Comparing novels and ‘the agonies’
We explore this cultural fascination in the exhibition News and Novel Sensations online through the McGill Library.
This includes access to two data sets: Our research team scraped 650,000 sentences from the Agony Column of The Times between 1860 and 1879, and over 25 million words from a corpus of 220 Victorian novels from 1800 to 1920.
Both datasets are available for anyone to explore and download on the project webpage. This will be a valuable resource for those studying the Victorian era and print history.
We will use both computational analysis of those data sets, and close reading, to continue to explore ways newspapers and the Agony Column featured in and shaped Victorian novels and Victorian readers’ experiences.
Victorian detective’s perspective
While the agonies and coded advertisements have captured some time in the spotlight thanks to the popularity of film productions of Sherlock and Enola Holmes, understanding just how popular or influential they were on Victorian society is difficult today.
Visitors to the website can explore some of the encrypted stories of The Times in a few unexpected ways, and gain a firsthand glimpse of another era’s print media.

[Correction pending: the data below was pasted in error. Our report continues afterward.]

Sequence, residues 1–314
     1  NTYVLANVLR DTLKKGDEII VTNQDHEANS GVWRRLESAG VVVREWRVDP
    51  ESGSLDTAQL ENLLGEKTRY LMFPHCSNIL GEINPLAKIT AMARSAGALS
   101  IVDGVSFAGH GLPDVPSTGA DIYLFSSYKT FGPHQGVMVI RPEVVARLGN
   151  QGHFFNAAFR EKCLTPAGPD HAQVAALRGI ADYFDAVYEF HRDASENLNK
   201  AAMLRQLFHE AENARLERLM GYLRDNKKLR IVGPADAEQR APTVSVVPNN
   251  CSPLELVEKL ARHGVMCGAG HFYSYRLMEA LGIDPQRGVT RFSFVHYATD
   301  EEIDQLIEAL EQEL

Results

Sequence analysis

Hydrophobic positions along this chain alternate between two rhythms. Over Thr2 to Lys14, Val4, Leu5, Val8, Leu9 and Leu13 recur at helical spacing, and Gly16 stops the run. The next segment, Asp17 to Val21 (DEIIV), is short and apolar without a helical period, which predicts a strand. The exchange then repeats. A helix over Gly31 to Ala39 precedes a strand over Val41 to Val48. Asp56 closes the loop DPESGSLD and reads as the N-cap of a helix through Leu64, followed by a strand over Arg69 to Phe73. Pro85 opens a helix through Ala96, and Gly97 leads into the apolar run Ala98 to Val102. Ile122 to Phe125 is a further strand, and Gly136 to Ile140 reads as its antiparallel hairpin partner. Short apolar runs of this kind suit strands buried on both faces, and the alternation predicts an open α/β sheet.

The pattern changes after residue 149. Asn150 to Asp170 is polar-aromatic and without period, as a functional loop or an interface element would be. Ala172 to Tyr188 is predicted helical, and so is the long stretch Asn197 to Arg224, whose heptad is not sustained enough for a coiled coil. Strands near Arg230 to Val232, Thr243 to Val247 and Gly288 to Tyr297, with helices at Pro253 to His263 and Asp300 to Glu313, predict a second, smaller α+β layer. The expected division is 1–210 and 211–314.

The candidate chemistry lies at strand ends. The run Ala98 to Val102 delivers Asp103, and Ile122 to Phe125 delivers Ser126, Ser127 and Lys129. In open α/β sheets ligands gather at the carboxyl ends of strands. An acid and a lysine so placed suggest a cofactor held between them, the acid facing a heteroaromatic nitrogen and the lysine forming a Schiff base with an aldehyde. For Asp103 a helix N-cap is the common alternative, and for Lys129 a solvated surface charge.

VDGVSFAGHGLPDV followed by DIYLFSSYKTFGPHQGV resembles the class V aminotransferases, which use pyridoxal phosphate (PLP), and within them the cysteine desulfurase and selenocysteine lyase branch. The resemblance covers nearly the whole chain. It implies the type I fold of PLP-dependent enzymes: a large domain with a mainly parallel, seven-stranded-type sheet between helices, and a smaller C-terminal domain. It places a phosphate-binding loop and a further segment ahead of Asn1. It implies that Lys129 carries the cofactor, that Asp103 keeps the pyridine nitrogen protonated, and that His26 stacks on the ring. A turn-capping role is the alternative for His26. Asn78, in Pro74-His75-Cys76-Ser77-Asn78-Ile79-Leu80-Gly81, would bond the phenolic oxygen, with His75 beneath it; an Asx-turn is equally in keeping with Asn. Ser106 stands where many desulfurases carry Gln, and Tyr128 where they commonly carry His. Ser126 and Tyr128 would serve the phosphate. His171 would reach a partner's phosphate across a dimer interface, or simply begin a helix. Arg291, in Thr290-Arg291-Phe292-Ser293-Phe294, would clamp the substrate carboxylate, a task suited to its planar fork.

Ignatius Pollaky, the so-called real-life Sherlock Holmes, was known for advertising his own business in the Agony Column and for inserting mysterious notes and messages in the newspaper relating to his cases.
We created a game as part of the exhibit called Pollaky’s Agonizing Adventure. The game allows visitors to track coded clues in the agony columns by following fictionalized detective case notes.
Visitors can experience how the agonies were embedded in the emerging world of detective practice, and experience how the agonies made communicating private messages and plans possible in the public medium of the newspaper.
Do you write like a Victorian? How far has our vocabulary shifted since that time? Our research team created the Victorian Vibecheck to allow visitors to create period-appropriate text.
Vibecheck quantifies how rarely, if ever, words in a given text appear in our corpus of more than 450 Victorian novels. The program then gives you a score based on whether it over- or under-uses words.
Visitors can enter their own text or choose from a list of examples to see if they can approximate a Victorian vibe.
How closely do Victorian novels resemble the agonies, or does our own language resemble the Victorians’? We invite visitors to explore for themselves.
This article is republished from The Conversation, an independent nonprofit news site dedicated to sharing ideas from academic experts. Like this article? Subscribe to our weekly newsletter.
It was written by: Jacquelyn Sundberg, McGill University and Nathalie Cooke, McGill University.
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Jacquelyn Sundberg received funding from the Social Sciences and Humanities Research Council of Canada.
Nathalie Cooke receives funding from the Social Sciences and Humanities Research Council of Canada.